Do non-libertarians actually care about the new health care law's individual mandate to purchase health insurance? Kevin Drum doesn't think so:
Conservatives have no problem in general with mandating behavior. Nor do they have any problem with mandating affirmative behavior. In the context of healthcare reform, many of them have supported the individual mandate in the past. And the smart ones, at least, understand perfectly well why a mandate is necessary in order to make the broader healthcare reform package work.
Their opposition isn't based on any special principle. It's based on the fact that (a) they don't like healthcare reform and (b) people don't really like being forced to do stuff. This makes the mandate a convenient point of attack. Most non-libertarians don't really care about the mandate [bold added], but once Glenn and Sean and Rush have them suitably foaming at the mouth about Barack Obama's relentless attack on all that we hold dear in this country, getting them upset about the mandate is a pretty easy upsell.
But you can't just say this, even though it's plainly true. You have to pretend to take conservative arguments about this seriously. You have to write detailed responses, complete with quotes from law professors and health experts. You have to pretend that this is an actual issue, not just a handy attack point.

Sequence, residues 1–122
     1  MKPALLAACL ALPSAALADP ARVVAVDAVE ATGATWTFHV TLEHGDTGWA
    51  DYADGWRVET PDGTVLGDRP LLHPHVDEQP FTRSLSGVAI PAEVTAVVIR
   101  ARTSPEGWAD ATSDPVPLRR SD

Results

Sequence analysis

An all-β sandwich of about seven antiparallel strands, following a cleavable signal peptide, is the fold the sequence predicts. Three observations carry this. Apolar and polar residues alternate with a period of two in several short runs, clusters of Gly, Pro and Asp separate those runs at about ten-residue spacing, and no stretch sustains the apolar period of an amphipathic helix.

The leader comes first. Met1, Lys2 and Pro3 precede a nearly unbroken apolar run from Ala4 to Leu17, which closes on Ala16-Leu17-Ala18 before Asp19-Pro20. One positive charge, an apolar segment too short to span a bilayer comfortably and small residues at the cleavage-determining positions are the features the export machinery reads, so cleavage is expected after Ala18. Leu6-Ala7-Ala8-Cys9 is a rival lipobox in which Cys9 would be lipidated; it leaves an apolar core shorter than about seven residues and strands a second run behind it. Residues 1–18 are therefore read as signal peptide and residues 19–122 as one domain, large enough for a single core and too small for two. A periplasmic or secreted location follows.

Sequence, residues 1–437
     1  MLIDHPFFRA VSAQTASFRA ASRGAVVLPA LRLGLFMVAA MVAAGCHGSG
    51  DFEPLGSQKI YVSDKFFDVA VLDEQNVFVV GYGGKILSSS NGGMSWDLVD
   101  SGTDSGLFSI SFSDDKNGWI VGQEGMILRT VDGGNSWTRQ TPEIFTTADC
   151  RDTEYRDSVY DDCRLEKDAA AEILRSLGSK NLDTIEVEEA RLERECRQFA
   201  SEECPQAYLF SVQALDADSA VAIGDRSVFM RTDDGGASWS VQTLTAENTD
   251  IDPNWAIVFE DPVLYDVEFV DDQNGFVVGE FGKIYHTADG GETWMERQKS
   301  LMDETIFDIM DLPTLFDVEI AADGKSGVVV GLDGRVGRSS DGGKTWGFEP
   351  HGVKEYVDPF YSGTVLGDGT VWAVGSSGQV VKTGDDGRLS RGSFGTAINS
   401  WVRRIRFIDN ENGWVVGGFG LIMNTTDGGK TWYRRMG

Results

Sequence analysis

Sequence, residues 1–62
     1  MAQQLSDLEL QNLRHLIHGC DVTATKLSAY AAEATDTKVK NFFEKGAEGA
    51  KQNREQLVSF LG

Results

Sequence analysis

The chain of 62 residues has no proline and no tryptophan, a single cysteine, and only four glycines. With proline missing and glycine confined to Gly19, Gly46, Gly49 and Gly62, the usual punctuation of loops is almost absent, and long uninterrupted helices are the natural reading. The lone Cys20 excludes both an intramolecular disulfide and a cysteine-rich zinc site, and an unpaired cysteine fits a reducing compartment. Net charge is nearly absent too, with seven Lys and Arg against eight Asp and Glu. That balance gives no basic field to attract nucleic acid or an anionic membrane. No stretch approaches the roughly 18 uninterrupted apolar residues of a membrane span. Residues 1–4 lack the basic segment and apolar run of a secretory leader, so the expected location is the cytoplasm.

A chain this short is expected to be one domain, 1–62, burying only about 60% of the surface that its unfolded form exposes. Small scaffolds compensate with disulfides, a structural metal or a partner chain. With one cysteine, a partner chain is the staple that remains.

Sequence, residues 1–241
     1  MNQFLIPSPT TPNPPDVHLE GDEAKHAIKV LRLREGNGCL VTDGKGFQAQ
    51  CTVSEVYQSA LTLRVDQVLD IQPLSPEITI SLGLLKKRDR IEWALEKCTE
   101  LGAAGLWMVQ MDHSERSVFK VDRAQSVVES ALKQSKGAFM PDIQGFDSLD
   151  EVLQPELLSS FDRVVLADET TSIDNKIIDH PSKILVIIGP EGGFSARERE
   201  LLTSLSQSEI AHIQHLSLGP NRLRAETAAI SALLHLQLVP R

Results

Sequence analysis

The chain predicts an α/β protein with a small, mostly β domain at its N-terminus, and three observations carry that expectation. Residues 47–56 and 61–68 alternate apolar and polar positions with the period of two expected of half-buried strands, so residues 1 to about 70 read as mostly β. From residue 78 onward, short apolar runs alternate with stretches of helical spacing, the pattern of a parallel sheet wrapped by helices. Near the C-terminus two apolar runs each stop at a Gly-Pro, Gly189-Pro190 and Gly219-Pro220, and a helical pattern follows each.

It would be tough to argue that there's no political motivation to attacks on the mandate by GOP politicians. And he's right that GOP politicians haven't exactly been bastions of consistency on the issue: As Matt Miller notes, in the past, some Republicans (mostly those who lean toward the moderate side) have supported a mandate. But just because some Republican politicians are using the mandate as a path to political gain doesn't mean that no one in the public at large cares about the provision.
Perhaps this is just me projecting my own libertarian concerns onto the general population. But if you look at polling both before and after law's passage, the mandate has always generated strong negative responses. Back in January, for example, a Kaiser Health Tracking Poll found that the mandate was the least popular element, with 62 percent reporting that it made them less likely to support the law. In August, another Kaiser poll found that 70 percent opposed the mandate. When that 70 percent was further asked how their opinion would change upon hearing "that without such a requirement, the cost of health insurance would rise substantially for many people," 72 percent said they would still view the provision unfavorably. Maybe that's all a result of Republican hype. But I find it hard to believe that a big percentage of the public dislikes the mandate so vehemently that they'd be willing to accept "substantially" higher health insurance costs to get rid of it, yet they also don't really care about the issue.
Are some GOP elected officials playing politics with the mandate? Almost certainly; after all, playing politics is what politicians do. But their strategic flip-flops don't change the fact that the mandate is an issue that resonates strongly and negatively with a lot of the public.